'Carts on Main': Hillsboro's first-ever food cart pod to open soon
People walking on East Main Street in downtown Hillsboro recently have likely noticed activity in a long-vacant lot between Amelia's Exquisite Mexican Dining and Hillsboro Bar and Grill.
The lot is the future location of Hillsboro's first-ever food cart pod, called "Carts on Main."
The project is a partnership between the Hillsboro city government, owners of the lot, the Hillsboro Downtown Partnership and Larry Riveria, owner of the Hillsboro-based food cart Boro Burger.
Project partners hope Carts on Main will spur more economic activity downtown and create a space where people can meet and dine safely downtown as the coronavirus pandemic enters its 11th month and dine-in service remains prohibited in Washington County due to state restrictions.
With large tents being constructed on the lot behind him, Riviera said he plans to have Carts on Main fully open by spring. The lot will be complete with heaters, lights, fencing, planters, plenty of hand sanitizer, appropriately spaced seating, and four or five local food carts, including Boro Burger.
Riviera, who will manage Carts on Main, said he couldn't reveal which food carts would be at the lot because contracts were still being finalized. Some carts might start serving food there before Carts on Main is fully open, he suggested.
Carts on Main will remain open with a temporary use permit from Hillsboro through the pandemic, the city said in an email, adding that it will "provide much needed additional outdoor seating for all of downtown's restaurants to use."
Riviera hopes the project will foster a more established food cart scene in the city.
"It's about a food cart culture," Riviera said. "It's about bringing people to this area specifically. That's what food carts do. Think about southeast, northeast Portland. You go there, you bring a date or you go with some friends or family, you spent three or four hours walking around, and you're probably going to go spend some money somewhere else."
With the food cart pod mecca to the east in Portland and other Washington County cities already boasting established food cart pods — most notably Beaverton, virtually the same size as Hillsboro, with BG's Food Cartel across from City Hall — Hillsboro's city code has lagged behind, having no standards specifically for food cart pods.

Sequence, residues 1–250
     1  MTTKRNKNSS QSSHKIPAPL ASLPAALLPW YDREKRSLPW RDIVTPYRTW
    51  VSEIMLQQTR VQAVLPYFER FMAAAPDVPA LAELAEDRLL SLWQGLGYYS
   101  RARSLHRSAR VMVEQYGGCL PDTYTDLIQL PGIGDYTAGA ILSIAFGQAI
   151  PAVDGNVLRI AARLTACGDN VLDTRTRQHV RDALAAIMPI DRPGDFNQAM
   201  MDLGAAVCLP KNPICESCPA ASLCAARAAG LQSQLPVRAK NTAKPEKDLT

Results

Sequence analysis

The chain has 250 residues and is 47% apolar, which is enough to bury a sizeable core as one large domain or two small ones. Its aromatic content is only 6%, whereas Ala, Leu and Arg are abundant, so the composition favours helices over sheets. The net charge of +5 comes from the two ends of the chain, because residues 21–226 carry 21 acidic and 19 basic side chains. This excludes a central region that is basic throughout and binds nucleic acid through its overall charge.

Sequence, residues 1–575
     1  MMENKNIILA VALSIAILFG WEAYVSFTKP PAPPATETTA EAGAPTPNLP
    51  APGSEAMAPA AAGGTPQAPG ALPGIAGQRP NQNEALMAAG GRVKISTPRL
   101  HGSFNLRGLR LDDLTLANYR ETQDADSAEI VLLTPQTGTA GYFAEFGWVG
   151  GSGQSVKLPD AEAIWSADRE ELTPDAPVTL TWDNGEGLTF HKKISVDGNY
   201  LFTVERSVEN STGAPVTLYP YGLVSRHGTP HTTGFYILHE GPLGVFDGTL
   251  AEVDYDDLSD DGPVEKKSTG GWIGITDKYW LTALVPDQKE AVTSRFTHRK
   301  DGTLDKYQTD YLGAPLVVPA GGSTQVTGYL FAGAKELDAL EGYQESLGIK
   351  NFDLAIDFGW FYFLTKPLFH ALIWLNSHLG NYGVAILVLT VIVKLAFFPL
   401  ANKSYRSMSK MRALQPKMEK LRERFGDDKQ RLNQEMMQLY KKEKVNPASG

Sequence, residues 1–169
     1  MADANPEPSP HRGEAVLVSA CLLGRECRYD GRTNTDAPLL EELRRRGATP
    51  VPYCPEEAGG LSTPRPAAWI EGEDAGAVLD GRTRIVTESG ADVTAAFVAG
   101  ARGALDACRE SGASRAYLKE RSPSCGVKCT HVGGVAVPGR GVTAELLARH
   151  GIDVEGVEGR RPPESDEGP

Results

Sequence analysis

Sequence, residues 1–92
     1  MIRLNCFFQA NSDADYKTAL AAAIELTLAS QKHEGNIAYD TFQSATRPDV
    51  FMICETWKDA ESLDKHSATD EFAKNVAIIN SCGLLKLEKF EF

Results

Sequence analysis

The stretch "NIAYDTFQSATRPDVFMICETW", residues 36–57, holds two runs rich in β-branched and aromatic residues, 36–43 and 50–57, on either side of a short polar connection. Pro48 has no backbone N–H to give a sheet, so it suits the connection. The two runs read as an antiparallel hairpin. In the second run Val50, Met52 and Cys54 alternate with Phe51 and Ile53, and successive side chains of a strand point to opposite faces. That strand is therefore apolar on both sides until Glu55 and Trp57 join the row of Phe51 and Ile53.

Instituting a food cart policy is listed as an action item in the Hillsboro 2035 Community Plan. Adopted in 2015, the plan serves to guide city policy for the next two decades.
The timeframe listed for the food cart action item is 2020-2025.
Hillsboro Mayor Steve Callaway was not available by the News-Times' press deadline to discuss whether the pandemic and Carts on Main may motivate the Hillsboro City Council to adopt food cart pod standards sooner rather than later.
Food carts are currently able to operate independently in Hillsboro using mobile or temporary use permits.
Prior to the pandemic, most food cart owners in Hillsboro worked with bars that didn't focus on food or businesses in corporate office buildings throughout the city, Riviera said. Food carts would set up outside a bar or in an office building parking lot, serving food at designated times.
The business model worked well until the pandemic forced office building workers to work from home, Riviera said.
"It has been hard," Riviera said. "I know some carts and trucks who have gone out of business."
In a lot of ways, the food cart business model is more suited for pandemic restrictions than brick and mortar restaurants, Riviera said. They operate with few employees, there's little contact between servers and customers and people typically eat outside, where virus transmission takes place less readily, according to health experts.
But Riviera thinks making outdoor seating available to any restaurant in the area at Carts on Main may actually help the brick-and-mortar restaurants.
"Since this is public-private, people can go get a pizza over at Pizzario and have it right here," Riviera said. "We're not like 'brick-and-mortar versus food carts.' We're just trying to all survive this thing."
Josue Mondragon, co-owner of Amelia's, located adjacent to Carts on Main, said he thinks the temporary food cart pod is a good idea.
"I hope it does bring more people to downtown," Mondragon said. "I believe the more successful businesses we have, the better for everyone."
He acknowledged that his restaurant could be negatively impacted if Riviera brings a Mexican food cart to Carts on Main.
"But then again, I'm a firm believer that the sun comes out for everyone," Mondragon said.
Amelia's, which has two brick-and-mortar locations in Hillsboro, also has a food cart that typically operates in downtown Portland.
While it hasn't yet put a food cart pod policy in place, Hillsboro has supported the amenities that will be placed at Carts on Main, contributing nearly $29,000 in funding from its share of the Coronavirus Aid, Relief, and Economic Security (CARES) Act, the city said.
Cultivating food cart pods is a good way to promote economic development in normal times, not just during the pandemic, said Elisa Joy Payne, director of the Hillsboro Downtown Partnership.
"When it comes to economic growth, food carts are a really good industry. A lot of chefs start out in a food truck," Payne said, adding that after chefs perfect a menu and establish customers they look for investors to help open brick-and-mortar restaurants.
Riviera, who worked in the restaurant industry for 20 years before opening Boro Burger, says he too has hopes of opening a brick-and-mortar restaurant one day.
For now, people can look forward to enjoying Boro Burger's fan-favorite smashed burger with bacon and cheese when Carts on Main opens.
You count on us to stay informed and we depend on you to fund our efforts. Quality local journalism takes time and money. Please support us to protect the future of community journalism.